Friday, February 27, 2009

Time To Learn Something New - 7 Relatively Frugal Ways to Continue Your Education

Above you'll see a picture of a place I've never been. This is my alma mater. I received a B.A. degree from Western Illinois University in 2005. Never took a step onto the campus. It only took me 22 years to get this piece of paper and I am particularly proud of it. I started at the University of Louisville in 1983, doing the whole college trip from dorm room to sorority house and I wouldn't trade it for anything. Sadly, I stopped just 15 hours short and it was a long haul to finish my degree.
As we are in the bad times now, I think it's advantageous for all of us to have a backup plan. One of the reasons I finished my Bachelor's was just in case. I didn't want to find myself trying to replicate my current income elsewhere without a degree. There are endless education options now and not all of them fit the frugal requirement or your particular needs. The major online and brick-and-mortar universities are vulgarly expensive and increasing every year. It can be argued that any education is good, but if you are saddling yourself and your family with extra debt it can become a burden instead.
Here are some less pricey and time-friendly options to think about for extra training, to try something new or to finish up something that was started a long time ago:

  1. Your own state school system. Here in Louisville many more classes are being offered online or in hybrid form (half online and half classroom). Kentucky offers a website that encompasses all online courses including full degrees and certifications at Kentucky Virtual University. They range from a Bachelor's of Public Administration to a certification in Archive Studies to a Master's in Criminology. Community college classes here start at $121/credit hour. Not bad for some extra knowledge. Most states have composite websites along the same lines including a fantastic Iowa Consortium that is chockfull of useful prerequisites for $120/credit hour for out-of-state students. The Iowa colleges are great in that an actual human answers the phone and says things like, "OK, thanks for calling. You are now enrolled in the class you requested." Bizarre.
  2. Additional certifications. Along with the aforementioned certificate in Archive Studies, how about a Grant Writing Certification? Or Library Information Technology. Most of these are fifteen hours of class and apply toward a Master's if needed. It's a quicker way to get a leg up without a commitment to a full degree.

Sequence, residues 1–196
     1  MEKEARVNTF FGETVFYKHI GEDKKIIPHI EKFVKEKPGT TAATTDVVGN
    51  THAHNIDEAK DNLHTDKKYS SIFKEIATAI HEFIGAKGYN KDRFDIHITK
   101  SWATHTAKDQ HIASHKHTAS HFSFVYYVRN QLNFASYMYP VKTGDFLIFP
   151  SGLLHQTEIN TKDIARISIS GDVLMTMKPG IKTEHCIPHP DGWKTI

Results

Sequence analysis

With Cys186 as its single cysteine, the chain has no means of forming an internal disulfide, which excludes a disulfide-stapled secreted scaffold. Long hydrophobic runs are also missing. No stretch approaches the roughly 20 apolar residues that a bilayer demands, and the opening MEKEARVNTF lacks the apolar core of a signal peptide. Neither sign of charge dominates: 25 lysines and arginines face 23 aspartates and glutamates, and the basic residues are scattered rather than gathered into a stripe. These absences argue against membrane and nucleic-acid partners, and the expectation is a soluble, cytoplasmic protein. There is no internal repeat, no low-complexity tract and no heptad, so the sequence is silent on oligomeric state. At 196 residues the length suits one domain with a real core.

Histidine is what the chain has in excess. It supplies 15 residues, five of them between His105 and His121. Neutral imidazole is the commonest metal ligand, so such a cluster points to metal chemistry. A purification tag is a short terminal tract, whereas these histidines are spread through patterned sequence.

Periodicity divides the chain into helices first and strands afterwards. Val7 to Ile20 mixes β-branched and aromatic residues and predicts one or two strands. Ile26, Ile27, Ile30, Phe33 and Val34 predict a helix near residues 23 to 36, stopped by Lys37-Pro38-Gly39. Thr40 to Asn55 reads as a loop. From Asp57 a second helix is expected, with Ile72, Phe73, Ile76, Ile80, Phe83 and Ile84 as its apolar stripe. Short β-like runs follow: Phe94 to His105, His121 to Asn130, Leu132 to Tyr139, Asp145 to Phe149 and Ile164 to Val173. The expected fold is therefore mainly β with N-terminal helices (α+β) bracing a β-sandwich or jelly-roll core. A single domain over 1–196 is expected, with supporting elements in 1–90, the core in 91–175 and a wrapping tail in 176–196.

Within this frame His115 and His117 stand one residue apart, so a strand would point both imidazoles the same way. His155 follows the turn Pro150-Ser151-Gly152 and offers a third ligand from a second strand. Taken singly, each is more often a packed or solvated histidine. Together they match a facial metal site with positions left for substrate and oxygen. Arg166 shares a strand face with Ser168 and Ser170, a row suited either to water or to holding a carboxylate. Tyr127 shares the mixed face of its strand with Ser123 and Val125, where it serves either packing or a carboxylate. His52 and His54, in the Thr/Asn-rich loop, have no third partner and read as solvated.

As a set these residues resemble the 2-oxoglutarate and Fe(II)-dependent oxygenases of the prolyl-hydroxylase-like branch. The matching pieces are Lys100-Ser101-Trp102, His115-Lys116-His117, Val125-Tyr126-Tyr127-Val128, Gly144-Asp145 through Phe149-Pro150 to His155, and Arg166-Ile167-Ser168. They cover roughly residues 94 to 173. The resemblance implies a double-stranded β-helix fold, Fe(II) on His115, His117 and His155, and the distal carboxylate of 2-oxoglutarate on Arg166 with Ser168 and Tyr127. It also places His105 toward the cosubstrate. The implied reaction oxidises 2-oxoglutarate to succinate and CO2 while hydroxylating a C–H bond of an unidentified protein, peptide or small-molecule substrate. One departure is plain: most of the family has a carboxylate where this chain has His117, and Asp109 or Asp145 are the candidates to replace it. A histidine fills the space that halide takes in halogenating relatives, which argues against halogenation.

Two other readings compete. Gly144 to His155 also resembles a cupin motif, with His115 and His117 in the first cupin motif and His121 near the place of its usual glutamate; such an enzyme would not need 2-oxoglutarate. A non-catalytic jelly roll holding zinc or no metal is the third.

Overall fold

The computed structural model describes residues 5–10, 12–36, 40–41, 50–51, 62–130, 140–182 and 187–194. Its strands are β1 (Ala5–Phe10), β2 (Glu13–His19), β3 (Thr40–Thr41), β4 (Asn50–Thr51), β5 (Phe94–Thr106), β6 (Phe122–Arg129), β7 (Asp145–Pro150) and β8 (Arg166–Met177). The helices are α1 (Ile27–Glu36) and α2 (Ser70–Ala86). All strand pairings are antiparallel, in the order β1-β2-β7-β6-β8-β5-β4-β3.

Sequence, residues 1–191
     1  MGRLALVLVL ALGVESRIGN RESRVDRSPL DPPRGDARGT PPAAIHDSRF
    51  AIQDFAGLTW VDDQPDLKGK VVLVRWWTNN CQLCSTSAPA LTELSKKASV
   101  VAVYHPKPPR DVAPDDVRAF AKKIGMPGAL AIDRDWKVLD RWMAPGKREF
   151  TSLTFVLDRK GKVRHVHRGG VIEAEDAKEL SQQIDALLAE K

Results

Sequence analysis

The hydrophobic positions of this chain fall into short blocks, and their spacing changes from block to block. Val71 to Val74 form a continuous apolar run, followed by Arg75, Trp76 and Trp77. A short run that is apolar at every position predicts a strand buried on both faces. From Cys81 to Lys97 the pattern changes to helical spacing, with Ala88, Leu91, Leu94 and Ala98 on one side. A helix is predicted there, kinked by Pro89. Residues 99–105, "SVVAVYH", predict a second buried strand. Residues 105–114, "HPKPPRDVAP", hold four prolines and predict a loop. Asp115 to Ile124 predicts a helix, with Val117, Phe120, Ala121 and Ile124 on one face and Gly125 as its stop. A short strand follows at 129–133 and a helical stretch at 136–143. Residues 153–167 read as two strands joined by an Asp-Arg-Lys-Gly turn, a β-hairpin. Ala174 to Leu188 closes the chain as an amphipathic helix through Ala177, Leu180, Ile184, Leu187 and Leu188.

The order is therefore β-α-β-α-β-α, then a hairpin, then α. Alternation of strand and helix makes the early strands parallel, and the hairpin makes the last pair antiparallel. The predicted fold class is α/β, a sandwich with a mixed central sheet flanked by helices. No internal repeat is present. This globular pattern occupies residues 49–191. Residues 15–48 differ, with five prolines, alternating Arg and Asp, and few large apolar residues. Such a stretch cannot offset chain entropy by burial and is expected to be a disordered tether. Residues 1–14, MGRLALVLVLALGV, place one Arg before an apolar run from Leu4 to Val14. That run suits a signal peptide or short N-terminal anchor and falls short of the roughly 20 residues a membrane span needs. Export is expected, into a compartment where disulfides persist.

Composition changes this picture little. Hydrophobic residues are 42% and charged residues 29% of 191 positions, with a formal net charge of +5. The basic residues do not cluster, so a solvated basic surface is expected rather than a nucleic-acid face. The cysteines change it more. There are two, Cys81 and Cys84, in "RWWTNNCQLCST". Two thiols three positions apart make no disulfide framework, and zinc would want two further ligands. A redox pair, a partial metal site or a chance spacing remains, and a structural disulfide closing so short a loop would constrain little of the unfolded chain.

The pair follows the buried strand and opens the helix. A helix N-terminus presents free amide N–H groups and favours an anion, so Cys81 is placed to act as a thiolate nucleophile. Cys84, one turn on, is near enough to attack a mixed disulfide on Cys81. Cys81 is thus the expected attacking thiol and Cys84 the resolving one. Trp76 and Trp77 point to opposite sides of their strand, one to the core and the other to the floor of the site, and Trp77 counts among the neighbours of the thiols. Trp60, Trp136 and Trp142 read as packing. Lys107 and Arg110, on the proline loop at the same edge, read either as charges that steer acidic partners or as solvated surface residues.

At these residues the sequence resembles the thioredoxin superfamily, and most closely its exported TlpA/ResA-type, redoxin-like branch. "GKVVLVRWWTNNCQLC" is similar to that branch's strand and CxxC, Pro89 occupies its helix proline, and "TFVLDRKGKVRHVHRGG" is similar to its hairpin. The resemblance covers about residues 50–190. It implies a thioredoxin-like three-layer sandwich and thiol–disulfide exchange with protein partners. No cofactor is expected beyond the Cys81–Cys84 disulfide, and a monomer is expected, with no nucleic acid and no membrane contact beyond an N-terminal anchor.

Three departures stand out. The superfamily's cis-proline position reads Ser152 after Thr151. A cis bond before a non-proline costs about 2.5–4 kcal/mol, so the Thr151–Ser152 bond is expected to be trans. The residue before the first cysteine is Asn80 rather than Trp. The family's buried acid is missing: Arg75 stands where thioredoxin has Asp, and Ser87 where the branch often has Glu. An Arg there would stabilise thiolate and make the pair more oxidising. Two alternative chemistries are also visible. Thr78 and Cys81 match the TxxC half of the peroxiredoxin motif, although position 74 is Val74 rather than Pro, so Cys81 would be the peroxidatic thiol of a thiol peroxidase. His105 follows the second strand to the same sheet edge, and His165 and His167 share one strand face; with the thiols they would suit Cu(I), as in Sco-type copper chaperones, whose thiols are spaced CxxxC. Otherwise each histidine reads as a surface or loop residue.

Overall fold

3. The Illinois Virtual Campus. For my money and opinion, this is the way to go. Illinois offers 329 accredited programs that can be completed online. I think for the average student they are head and shoulders above the rest. My tuition at Western Illinois was $167/credit hour. A bargain by any standard. The University of Illinois at Springfield is also a bargain at $283.25 for graduate tuition. They offer a great Master's of Public Administration that is NASPAA certified and an M.A. in Environmental Studies that looks like fun.
  4. A total departure from your norm. Apparently welding and trucking class enrollments are skyrocketing. I personally love the idea of learning to weld. My local community college offers a program for Welding and for Culinary Arts and Surgical Technology. Probably can't go wrong with any of them.
  5. A little known school that's cheap and accredited. American Public University and American Military University are accredited schools with bargain tuitions at $750/class for undergraduate and $835/class for graduate students. Primarily catering to overseas and active-duty military, these schools conduct all classes online and have spread out to include the general population. They offer all sorts of degrees ranging from an Associate's in Explosive Ordnance Disposal to a Master's in Emergency & Disaster Management. They also carry the basic history and poli sci degrees and that sort of thing.
  6. That Harvard degree you just can't live without. Harvard Extension School offers several classes and degrees online or with a minimum of onsite attendance. They are taught by Harvard professors without the attendant $32,000/per year tuition. Extension School classes range from $800 to $1725 per class. You can earn a graduate Environmental Management certification entirely online. It may be considered Harvard lite by some, but it's still Harvard and certainly would be worth something out here in the hinterlands.